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Fatigue and AnemiaFatigue and Anemia
           
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Xanax
Jan 25, 2001

dOES XANAX CAUSE TIREDNESS AND RINGING IN THE EARS- NOT BAD BUT MILDLY?

Response from Dr. Frascino

Hi,

Thanks for writing. Xanax belongs to a class of medications called benzodiazepines. These medications are very useful in the treatment of anxiety and anxiety related conditions. Potential Side effects of these drugs does include fatigue. In fact tiredness is the most common side effect. As with many drugs the side effects are dose related. That means the higher your dose of xanax, the more likely you'll experience fatigue. You should also know that these effects can be exacerbated by alcohol and/or medications -- such as antihistamines, and several HIV-related medications.

Ringing in the ears is called tinnitus. It has be reported to occur with xanax use although rarely (about 6%).

First step for you is to check with your doctor about your dose and possible drug interactions with your other medications -- particularly your protease inhibitors. Once that's sorted out if the side effects remain very bothersome, there are other medications that you might try.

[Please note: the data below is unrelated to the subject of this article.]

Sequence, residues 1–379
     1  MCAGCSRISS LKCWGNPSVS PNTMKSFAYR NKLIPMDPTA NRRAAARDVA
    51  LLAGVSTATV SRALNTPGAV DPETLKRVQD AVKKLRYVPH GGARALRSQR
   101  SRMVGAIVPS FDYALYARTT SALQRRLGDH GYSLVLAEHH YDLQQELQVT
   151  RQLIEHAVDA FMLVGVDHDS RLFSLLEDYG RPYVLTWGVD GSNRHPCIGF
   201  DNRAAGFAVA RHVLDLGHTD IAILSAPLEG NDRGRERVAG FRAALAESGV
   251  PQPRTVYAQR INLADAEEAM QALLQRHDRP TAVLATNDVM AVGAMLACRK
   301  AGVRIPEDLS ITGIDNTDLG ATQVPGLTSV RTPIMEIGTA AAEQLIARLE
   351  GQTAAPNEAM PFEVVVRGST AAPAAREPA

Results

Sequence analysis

I should point out to our readers that this type of drug-induced fatigue is a direct effect of how xanax works. The situation is quite different from that of a drug like AZT (retrovir, combivir, trizivir) which can, in some people, suppress the production of red blood cells in the bone marrow. Fatigue induced by AZT is often related to anemia (low red blood cells), an indirect effect of the medication. Treatment in this situation can be focused on the anemia itself. Procrit for instance can stimulate the production of new red blood cells often resolving the anemia (and hence the fatigue) problem, while allowing the person to continue with the beneficial effects of the drug (AZT).

Hope this helps. Good luck.

RJF


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